“That is good news, Comrade Mariozzi. Congratulations. But none of that ‘boss’ business, do you understand? It could easily go from careless language to a common assumption.”
Meanwhile, they’d hooked into televideon cameras throughout the city, and though the views were grim, it heartened everybody to no longer be blind. It was a visible—there was no way around the word—sign that they were making progress.
Red Rudy had just wrapped up the meeting with the loyalist police officers when Comrade Mariozzi popped into his consciousness again. “Hey, boss!” he said excitedly. “You gotta see this!”
* * *
The guards were waiting at the top of the elevator with guns drawn. To Radio Jones’s shock and amazement, Amelia Spindizzy handed over her pistol without a murmur of protest. Which was more than could be said for Radio herself when one of the goons wrested the Universal Receiver out of her hands. Amelia had to seize her by the shoulders and haul her back before she could attack the nearest of their captors.
They were taken onto the Imperator and through the Hall of the Naked Brains. The great glass jars were empty and the giant floating Brains were gone who-knows-where. Radio hoped they’d been flung in an alley somewhere to be eaten by dogs. But hundreds of new, smaller jars containing brains of merely human proportions had been brought in and jury-rigged to oxygen feeds and electrical input-output units. Radio noticed that they all had cut-out switches. If one of the New Brains acted up it could be instantly put into solitary confinement. But there was nobody monitoring them, which seemed to defeat the purpose.
“‘Keep close to the earth!’” a voice boomed. Radio jumped. Amelia, she noticed, did not. Then she saw that there were radios set in brackets to either end of the room. “Such was the advice of the preeminent international airman, Alberto Santos-Dumont, and they were good enough words for their time.” The familiar voice chuckled and half-snorted, and the radio crackled loudly as his breath struck the sensitive electroacoustic transducer that had captured his voice. “But his time is not my time.” He paused briefly; one could almost hear him shrug his shoulders. “One is never truly tested close to the earth. It is in the huge arching parabola of an aeroplane finding its height and seeking a swift descent from it that a man’s courage is found. It is there, in acts outside of the quotidian, that his mettle is tested.”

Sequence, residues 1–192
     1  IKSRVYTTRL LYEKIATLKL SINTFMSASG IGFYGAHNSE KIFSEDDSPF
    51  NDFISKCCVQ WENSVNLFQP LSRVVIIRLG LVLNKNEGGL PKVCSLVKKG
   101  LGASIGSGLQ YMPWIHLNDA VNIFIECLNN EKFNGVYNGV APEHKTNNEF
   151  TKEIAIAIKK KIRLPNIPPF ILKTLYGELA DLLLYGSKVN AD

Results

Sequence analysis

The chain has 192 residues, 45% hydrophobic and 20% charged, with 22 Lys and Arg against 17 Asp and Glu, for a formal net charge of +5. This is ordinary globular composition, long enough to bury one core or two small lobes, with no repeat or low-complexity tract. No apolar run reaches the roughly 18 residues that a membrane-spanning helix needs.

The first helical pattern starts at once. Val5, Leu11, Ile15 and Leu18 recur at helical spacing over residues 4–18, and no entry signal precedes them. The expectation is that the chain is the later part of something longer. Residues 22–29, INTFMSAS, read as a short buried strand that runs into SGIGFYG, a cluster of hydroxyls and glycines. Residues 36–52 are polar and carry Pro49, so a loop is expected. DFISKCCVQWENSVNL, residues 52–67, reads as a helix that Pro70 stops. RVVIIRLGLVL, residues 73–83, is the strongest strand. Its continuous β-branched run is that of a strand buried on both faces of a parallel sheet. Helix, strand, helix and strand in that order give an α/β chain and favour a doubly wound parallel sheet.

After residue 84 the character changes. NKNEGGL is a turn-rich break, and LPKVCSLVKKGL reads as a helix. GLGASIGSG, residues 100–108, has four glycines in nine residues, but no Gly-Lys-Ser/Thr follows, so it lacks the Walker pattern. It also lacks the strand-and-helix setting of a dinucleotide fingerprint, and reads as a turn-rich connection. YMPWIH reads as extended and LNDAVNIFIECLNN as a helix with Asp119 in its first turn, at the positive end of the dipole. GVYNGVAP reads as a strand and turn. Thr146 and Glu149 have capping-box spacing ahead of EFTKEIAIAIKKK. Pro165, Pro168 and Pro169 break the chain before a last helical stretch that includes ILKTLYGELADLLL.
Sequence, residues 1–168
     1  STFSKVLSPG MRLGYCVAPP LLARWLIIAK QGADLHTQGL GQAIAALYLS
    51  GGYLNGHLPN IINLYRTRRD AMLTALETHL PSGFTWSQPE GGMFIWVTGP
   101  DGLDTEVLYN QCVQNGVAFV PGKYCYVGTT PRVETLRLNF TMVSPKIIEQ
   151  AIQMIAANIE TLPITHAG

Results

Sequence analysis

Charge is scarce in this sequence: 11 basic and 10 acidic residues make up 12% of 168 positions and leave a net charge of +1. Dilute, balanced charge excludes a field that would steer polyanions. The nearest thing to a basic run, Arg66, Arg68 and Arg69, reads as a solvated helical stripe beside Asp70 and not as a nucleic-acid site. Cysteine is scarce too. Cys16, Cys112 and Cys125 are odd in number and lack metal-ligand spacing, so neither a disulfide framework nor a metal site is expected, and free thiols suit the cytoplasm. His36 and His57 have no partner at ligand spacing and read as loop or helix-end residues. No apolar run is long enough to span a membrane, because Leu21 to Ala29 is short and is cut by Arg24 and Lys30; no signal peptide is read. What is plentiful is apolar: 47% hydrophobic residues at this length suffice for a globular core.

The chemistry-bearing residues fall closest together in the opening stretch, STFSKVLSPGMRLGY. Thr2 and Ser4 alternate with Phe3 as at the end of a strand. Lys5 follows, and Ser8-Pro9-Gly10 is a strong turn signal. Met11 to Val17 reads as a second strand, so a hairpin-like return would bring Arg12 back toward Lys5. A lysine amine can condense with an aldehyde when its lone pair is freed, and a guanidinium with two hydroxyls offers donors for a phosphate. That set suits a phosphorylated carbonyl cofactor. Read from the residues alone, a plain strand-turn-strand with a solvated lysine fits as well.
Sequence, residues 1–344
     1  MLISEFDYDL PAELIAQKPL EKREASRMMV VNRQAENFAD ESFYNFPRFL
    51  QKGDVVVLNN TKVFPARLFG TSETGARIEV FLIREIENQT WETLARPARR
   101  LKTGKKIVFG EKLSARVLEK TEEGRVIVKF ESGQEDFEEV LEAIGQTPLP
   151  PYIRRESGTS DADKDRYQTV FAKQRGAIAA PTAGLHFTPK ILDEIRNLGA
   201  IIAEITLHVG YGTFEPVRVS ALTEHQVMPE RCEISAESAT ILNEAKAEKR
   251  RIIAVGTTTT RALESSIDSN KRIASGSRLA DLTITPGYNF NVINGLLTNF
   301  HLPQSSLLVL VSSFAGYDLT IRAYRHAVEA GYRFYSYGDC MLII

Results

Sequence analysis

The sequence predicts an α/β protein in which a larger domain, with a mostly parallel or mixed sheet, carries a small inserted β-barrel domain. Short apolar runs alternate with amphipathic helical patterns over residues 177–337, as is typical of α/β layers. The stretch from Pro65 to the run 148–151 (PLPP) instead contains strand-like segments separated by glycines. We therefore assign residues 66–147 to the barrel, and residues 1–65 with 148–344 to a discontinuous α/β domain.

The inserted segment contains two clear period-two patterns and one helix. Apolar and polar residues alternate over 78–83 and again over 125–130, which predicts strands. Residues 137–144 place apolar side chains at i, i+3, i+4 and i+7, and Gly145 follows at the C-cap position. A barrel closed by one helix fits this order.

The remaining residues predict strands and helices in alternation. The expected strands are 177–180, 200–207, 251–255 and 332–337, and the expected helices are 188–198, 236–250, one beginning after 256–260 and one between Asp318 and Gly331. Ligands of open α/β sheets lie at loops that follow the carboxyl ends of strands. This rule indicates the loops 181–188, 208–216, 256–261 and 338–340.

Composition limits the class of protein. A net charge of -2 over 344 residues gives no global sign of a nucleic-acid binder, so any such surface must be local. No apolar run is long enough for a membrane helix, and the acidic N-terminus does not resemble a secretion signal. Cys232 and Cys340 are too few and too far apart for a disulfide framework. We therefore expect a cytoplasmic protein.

A televideon camera ratcheted about, tracking their progress. Were the New Brains watching them, Radio wondered? The thought gave her the creeps.
Then they were put in an elevator (only two guards could fit in with them, and Radio thought that for sure Amelia would make her play now; but the aviatrix stared expressionlessly forward and did nothing) and taken down to the flight deck. There the exterior walls had been removed, as would be done under wartime conditions when the ’planes and wargyros had to be gotten into the air as soon as possible. Cold winds buffeted and blustered about the vast and empty space.
“A young man dreams of war and glory,” the voice said from a dozen radios. “He toughens his spirit and hardens his body with physical activity and discomfort. In time, he’s ready to join the civil militia, where he is trained in the arts of killing and destruction. At last, his ground training done, he is given an aeroplane and catapulted into the sky, where he discovers . . .” The voice caught and then, when it resumed, was filled with wonder, “. . . not hatred, not destruction, not war, but peace.”
To the far side of the flight deck, unconcerned by his precarious location, a tall figure in a flyer’s uniform bent over a body in greasy coveralls, which he had dragged right to the edge. Then he flipped it over. It was Grimy Huey, and he was dead.